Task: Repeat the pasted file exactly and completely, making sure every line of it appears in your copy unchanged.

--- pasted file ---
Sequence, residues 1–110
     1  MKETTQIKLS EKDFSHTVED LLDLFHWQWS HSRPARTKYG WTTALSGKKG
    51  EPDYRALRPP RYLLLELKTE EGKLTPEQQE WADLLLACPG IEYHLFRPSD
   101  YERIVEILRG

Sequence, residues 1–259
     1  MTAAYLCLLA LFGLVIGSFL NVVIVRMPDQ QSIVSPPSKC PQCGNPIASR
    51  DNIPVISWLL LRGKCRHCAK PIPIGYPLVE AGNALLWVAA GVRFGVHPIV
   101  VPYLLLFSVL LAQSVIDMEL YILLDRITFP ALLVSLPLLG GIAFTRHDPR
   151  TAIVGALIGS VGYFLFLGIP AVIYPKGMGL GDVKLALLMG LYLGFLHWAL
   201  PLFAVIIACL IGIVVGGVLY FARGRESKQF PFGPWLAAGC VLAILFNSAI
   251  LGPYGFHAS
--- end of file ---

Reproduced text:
Sequence, residues 1–110
     1  MKETTQIKLS EKDFSHTVED LLDLFHWQWS HSRPARTKYG WTTALSGKKG
    51  EPDYRALRPP RYLLLELKTE EGKLTPEQQE WADLLLACPG IEYHLFRPSD
   101  YERIVEILRG

Sequence, residues 1–259
     1  MTAAYLCLLA LFGLVIGSFL NVVIVRMPDQ QSIVSPPSKC PQCGNPIASR
    51  DNIPVISWLL LRGKCRHCAK PIPIGYPLVE AGNALLWVAA GVRFGVHPIV
   101  VPYLLLFSVL LAQSVIDMEL YILLDRITFP ALLVSLPLLG GIAFTRHDPR
   151  TAIVGALIGS VGYFLFLGIP AVIYPKGMGL GDVKLALLMG LYLGFLHWAL
   201  PLFAVIIACL IGIVVGGVLY FARGRESKQF PFGPWLAAGC VLAILFNSAI
   251  LGPYGFHAS